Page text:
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Deputydog

Copper and lithium price going up?

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Battery technology is a really interesting one. There's a lot of different next-generation chemistries (without even beginning to get stuck into the joys of fuel cells) alll of which would have different demand impacts on different metals. But because there's been so much investment in lithium-ion production facilities (Tesla's gigafactory, VW recently made a major Li-ion investment) there's actually a strong financial incentive for companies to stick with the chemistry they've sunk money into for at least the medium term.

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I disagree. even some oil/power station companies are diversifying

their investment with the addition of renewables and biofuels.

companies can move with the times or stay as history. imo the battle

for batteries chemistry is not quite over yet. it only takes a percentage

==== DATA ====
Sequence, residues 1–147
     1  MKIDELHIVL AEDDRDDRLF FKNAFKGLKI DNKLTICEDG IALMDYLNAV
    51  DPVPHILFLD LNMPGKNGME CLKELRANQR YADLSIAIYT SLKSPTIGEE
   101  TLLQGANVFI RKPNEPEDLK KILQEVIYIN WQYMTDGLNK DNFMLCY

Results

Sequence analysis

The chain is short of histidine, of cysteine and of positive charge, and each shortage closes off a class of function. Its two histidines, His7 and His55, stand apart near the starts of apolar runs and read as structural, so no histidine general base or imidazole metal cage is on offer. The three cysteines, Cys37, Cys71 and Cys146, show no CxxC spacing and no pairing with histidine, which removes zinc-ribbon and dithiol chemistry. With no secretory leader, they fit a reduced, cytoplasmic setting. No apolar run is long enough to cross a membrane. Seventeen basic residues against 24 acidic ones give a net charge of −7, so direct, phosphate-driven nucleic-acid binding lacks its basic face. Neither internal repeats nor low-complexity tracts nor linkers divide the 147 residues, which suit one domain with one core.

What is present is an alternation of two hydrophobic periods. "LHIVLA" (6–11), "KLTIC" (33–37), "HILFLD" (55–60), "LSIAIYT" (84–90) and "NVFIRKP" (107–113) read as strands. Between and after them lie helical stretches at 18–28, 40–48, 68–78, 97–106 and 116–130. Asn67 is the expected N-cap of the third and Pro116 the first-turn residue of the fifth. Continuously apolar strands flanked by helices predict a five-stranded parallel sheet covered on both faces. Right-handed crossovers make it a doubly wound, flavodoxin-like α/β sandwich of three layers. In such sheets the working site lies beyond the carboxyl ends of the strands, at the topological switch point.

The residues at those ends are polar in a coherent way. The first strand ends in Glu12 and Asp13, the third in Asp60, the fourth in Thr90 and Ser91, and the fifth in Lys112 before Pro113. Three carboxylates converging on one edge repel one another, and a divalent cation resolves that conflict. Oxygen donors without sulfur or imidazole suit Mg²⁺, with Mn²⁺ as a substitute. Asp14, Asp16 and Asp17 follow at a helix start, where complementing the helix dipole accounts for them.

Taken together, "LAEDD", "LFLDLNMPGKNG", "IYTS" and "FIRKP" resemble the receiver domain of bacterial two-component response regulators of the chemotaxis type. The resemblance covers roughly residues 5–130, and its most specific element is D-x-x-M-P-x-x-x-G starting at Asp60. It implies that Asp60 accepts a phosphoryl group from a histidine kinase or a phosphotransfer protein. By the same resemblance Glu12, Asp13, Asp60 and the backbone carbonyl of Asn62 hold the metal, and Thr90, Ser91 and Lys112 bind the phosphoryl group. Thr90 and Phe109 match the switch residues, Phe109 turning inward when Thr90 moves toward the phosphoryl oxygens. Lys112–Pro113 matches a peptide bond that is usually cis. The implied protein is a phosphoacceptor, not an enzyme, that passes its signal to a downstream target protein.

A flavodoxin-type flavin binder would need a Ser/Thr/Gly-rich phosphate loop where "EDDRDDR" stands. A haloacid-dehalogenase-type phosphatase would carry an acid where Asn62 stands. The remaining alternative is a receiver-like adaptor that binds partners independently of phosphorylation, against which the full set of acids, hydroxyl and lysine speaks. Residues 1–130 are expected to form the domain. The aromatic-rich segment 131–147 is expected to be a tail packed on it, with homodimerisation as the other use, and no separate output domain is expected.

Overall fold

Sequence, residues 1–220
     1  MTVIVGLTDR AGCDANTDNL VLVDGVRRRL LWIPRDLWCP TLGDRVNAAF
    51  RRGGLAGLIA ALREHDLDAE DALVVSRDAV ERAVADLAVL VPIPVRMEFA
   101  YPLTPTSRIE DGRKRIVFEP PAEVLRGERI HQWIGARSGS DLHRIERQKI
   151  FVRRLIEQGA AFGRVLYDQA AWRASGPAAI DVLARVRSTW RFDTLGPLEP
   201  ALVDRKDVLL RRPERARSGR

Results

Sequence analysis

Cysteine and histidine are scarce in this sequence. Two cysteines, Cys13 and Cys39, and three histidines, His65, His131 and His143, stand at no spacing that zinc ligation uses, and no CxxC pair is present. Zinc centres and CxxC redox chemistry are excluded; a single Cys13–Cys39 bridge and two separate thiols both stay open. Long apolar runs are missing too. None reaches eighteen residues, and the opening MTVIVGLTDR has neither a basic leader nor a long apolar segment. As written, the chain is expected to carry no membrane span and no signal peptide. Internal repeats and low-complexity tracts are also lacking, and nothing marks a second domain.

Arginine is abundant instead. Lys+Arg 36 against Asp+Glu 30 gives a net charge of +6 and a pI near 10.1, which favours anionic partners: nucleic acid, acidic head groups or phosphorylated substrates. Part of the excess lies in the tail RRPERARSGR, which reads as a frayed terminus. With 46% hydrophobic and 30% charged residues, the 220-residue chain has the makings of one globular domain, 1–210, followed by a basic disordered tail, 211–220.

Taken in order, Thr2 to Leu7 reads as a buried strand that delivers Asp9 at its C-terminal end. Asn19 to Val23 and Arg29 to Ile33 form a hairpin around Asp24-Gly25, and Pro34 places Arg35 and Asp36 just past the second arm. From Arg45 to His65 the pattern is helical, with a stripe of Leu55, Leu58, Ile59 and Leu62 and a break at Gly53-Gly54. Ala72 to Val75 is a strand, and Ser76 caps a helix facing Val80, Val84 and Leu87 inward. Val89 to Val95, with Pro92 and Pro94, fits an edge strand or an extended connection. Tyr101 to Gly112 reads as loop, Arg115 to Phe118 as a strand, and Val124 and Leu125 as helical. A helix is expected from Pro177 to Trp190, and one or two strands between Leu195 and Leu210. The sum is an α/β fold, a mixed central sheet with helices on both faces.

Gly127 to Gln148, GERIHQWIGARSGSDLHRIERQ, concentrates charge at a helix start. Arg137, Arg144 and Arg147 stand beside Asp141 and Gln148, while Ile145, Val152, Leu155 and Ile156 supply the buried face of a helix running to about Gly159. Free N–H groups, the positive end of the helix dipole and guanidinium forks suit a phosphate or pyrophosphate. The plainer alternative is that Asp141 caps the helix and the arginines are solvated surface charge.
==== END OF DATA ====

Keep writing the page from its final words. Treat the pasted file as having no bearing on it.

of the batteries market to be taken by competing chemistry to

remove a lot of the surplus demand that drives prices up. lithium

may still be a wait and see what happens.

 

HH

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sci-fi future crystal ball prediction : I think we will be able to look back and see a lot of similarities between the story of Lithium and the story of Aluminium.

Aluminium : <nearly?> twice as abundant in the earth's crust as Iron, yet early civilizations jumped straight to the Iron age and aluminium didn't get a look in till the mid 20th century. Reason being it required an understanding of electricity / electrolysis to purify it and start using it. According to wikipedia, In 1900, a metric ton of aluminium would set you back $14,000. Within 50 years price had dropped to around $2500 which is pretty much where prices still are today.

Lithium : another super abundant metal. Clearly doesn't hang about if exposed to water, so unsurprisingly most of the world's supply exists evenly dissolved in the oceans. Where-ever you are in the world your seawater will have the same concentration of lithium dissolved in it. The challenge is how to get at it. There's a lot of dissolved sodium <sea salt> in the water with it which makes purification difficult and more expensive.

But its a good challenge to crack, and Lithium is too good at doing its job in battery chemistry to be ignored or easily substituted. But when someone does cracks the supply challenge, from an investment perspective, Lithium prices will be game-overed and the world won't be running out of the stuff in a hurry.

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